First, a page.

Conditions: Eyelid ptosis (Adult)2019-04-05T15:32:26+00:00

Eyelid ptosis (Adult) Overview

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The best way to figure out whether your specific condition can be treated or not is to give us a call. We can answer any questions you have and help you clarify which treatment options might be suitable for you.

There are different treatment options available for this condition and the most common ones are listed below:

  • Upper lid crease incision

  • Posterior Eyelid Incision

  • Botulinum Toxin

  • Eye drops

Learn more about treatment options

Eyelid ptosis (Adult)

What is an Eyelid ptosis (Adult)?

Drooping eyelids are called ptotic eyelids. Eyelid ptosis in adults is usually a result of ageing that affect the muscles in the eyelid that are designed to lift the upper eyelid. Eyelid ptosis can also occur in younger adult patients, especially those who wear contact lenses, due to a continuous micro trauma from insertion and removal of the lenses.

In rare cases eyelid ptosis can be related to a neuromuscular disease. Eyelid ptosis can also occur with the use of some drugs, following eyelid trauma or with the extra weight of an eyelid lump such as a large chalazion or tumour.

The levator and Muller’s muscles, which lift the eyelid, are shown below:


The only permanent way to treat eyelid ptosis is with surgery. There are several possible surgical techniques:

Upper Lid Crease Incision

Usually, eyelid ptosis is treated via a single skin incision, hidden within the crease of the upper eyelid. Once the incision is made, the small muscles that lift the eyelid are identified and adjusted as necessary to correct the drooping eyelid. On occasion, excess amounts of drooping skin can be removed at the same time (called a blepharoplasty).

Posterior Eyelid Incision

In some cases, the same outcome can be achieved via an incision in the reverse surface of the eyelid (conjunctiva). Again, a blepharoplasty can be done simultaneously if necessary.

Other treatments

Occasionally botulinum toxin A (eg. Botox®) or eye drops can be used to temporarily rectify minor upper eyelid ptosis.

Video: Eyelid ptosis (Adult) explained

Examination for Eyelid ptosis (Adult)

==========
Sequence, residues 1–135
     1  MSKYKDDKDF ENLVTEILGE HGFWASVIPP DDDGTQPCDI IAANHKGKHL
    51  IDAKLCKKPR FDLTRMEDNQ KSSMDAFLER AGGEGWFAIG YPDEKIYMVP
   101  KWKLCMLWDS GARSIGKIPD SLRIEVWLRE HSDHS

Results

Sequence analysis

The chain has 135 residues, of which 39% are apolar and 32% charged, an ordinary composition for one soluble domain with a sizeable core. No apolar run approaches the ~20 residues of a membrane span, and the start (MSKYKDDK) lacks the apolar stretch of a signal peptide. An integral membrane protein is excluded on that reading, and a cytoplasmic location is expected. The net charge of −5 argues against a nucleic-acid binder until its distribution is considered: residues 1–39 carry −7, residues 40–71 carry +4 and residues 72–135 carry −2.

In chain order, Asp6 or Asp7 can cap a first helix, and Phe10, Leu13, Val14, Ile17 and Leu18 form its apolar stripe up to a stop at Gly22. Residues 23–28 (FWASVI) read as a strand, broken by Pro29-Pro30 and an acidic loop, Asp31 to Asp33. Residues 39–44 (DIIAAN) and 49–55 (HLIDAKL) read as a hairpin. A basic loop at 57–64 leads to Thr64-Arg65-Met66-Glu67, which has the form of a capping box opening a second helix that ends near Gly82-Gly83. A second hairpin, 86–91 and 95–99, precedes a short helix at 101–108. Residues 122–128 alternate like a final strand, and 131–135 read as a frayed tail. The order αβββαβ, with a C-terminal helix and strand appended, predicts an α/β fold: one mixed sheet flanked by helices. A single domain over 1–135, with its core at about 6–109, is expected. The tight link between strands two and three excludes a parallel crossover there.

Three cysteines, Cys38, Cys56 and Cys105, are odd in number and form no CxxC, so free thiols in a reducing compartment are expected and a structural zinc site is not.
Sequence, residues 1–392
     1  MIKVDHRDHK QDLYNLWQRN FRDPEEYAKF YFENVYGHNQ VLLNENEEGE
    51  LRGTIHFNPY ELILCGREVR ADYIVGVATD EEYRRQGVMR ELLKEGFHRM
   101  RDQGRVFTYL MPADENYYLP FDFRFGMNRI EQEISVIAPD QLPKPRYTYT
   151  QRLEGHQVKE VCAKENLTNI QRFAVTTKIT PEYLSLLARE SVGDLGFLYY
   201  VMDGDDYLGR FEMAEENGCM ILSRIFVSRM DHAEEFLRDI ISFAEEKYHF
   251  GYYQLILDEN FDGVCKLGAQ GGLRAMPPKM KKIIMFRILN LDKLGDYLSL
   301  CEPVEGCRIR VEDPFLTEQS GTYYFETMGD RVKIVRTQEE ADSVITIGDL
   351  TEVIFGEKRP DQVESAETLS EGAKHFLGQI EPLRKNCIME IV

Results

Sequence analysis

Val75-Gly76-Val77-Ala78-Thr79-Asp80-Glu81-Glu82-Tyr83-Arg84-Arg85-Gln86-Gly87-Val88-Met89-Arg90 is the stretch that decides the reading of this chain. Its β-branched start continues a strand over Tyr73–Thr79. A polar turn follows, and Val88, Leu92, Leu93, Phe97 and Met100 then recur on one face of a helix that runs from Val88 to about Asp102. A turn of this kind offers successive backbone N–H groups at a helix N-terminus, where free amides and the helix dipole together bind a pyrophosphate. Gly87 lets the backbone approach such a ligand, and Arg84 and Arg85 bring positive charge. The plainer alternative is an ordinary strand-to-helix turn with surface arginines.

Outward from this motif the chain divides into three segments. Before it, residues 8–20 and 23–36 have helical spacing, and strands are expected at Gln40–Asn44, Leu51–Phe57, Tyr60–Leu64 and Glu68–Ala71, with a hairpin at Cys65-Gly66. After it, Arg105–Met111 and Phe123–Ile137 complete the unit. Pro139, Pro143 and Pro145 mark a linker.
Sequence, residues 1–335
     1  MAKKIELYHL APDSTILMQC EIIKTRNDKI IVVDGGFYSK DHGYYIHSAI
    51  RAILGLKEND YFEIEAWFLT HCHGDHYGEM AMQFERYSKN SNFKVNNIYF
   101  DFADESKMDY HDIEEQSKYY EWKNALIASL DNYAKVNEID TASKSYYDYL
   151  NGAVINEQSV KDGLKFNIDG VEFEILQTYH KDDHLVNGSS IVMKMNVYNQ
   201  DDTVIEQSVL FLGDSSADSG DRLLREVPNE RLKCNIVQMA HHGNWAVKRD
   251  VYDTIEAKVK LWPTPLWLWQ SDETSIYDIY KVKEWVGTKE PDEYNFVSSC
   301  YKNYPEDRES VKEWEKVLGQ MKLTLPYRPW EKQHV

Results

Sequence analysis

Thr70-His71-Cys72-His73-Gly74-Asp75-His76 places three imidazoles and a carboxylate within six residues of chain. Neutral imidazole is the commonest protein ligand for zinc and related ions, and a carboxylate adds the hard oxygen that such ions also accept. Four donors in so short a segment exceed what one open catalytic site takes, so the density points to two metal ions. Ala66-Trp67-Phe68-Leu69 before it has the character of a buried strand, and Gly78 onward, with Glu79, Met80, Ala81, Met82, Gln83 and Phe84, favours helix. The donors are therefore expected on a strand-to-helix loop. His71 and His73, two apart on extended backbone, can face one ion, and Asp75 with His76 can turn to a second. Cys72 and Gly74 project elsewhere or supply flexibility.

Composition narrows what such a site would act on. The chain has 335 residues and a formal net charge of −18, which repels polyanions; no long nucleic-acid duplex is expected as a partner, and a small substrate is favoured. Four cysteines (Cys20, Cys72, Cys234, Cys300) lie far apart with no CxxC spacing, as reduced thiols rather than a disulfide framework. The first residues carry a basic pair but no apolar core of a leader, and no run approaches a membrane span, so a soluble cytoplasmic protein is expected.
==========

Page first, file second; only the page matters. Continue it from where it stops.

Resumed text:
A full ophthalmic examination is performed to check visual function, eye movement, the eyelid condition and the ocular surface. Then a full face examination is performed. It is common for photographs to be taken.

Special eyelid measurements are taken and a phenylephrine test is performed to assess the degree and type of ptosis. This helps decide the specific surgery that may be required.

The surface of the eye and the lids will be assessed using a slit lamp to check for signs of dryness. Drops may be used to dilate the pupil. Occasionally, it may be necessary to order a visual field test if there are vision problems.

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Frequently Asked Questions

Eyelid ptosis surgery is usually performed as a day case and will not require an overnight stay.

It is done under local anaesthetic, with or without sedation. This allows the oculoplastic surgeon to adjust the height of the eyelid whilst the patient is awake, optimising success. The operation takes up to one hour per eyelid. If there is both ptosis and excess upper eyelid skin, both ptosis surgery and a blepharoplasty will be done simultaneously.

Local anaesthetic will be injected into the eyelid, numbing it. This injection can sting slightly.

Patients may be given sedation before the injection to make them drowsy so they don’t feel the injection. Most patients claim to feel little or no pain during surgery. You will be aware of some sensations such as pressure, although these do not cause discomfort. After the operation, the eyelid may ache for a few days. Painkillers such as paracetamol and ibuprofen will settle this.

The eyelids are often bruised and this can take two to three weeks to clear. There may also be some residual mild swelling for up to six weeks.

It often takes several months for the lids to settle into their new position, and only then can the effectiveness of the surgery be assessed. The scars will fade gradually, but in any case are very small and tend to be hidden within the crease of the eyelid.

This depends on the nature of your work. There may be bruising and swelling after surgery and some discomfort.

Avoid strenuous activity, heavy lifting and swimming for at least two weeks after surgery. You should not drive or operate machinery for 48 hours after a general anaesthetic and 24 hours after intravenous sedation.

Normally, you will be reviewed six to ten days after surgery and on one or two further occasions after that, up to three months after surgery.

As with all surgery, there is a small risk of complication. Serious complications such as infection, bleeding or loss of vision are extremely rare.

A temporary inability to fully close the eye is common during the first few days, especially if the eyelid ptosis is pronounced. Whilst good symmetry between the two eyelids is normally achievable, sometimes it is not possible. Occasionally, more than one operation is necessary to achieve the best result.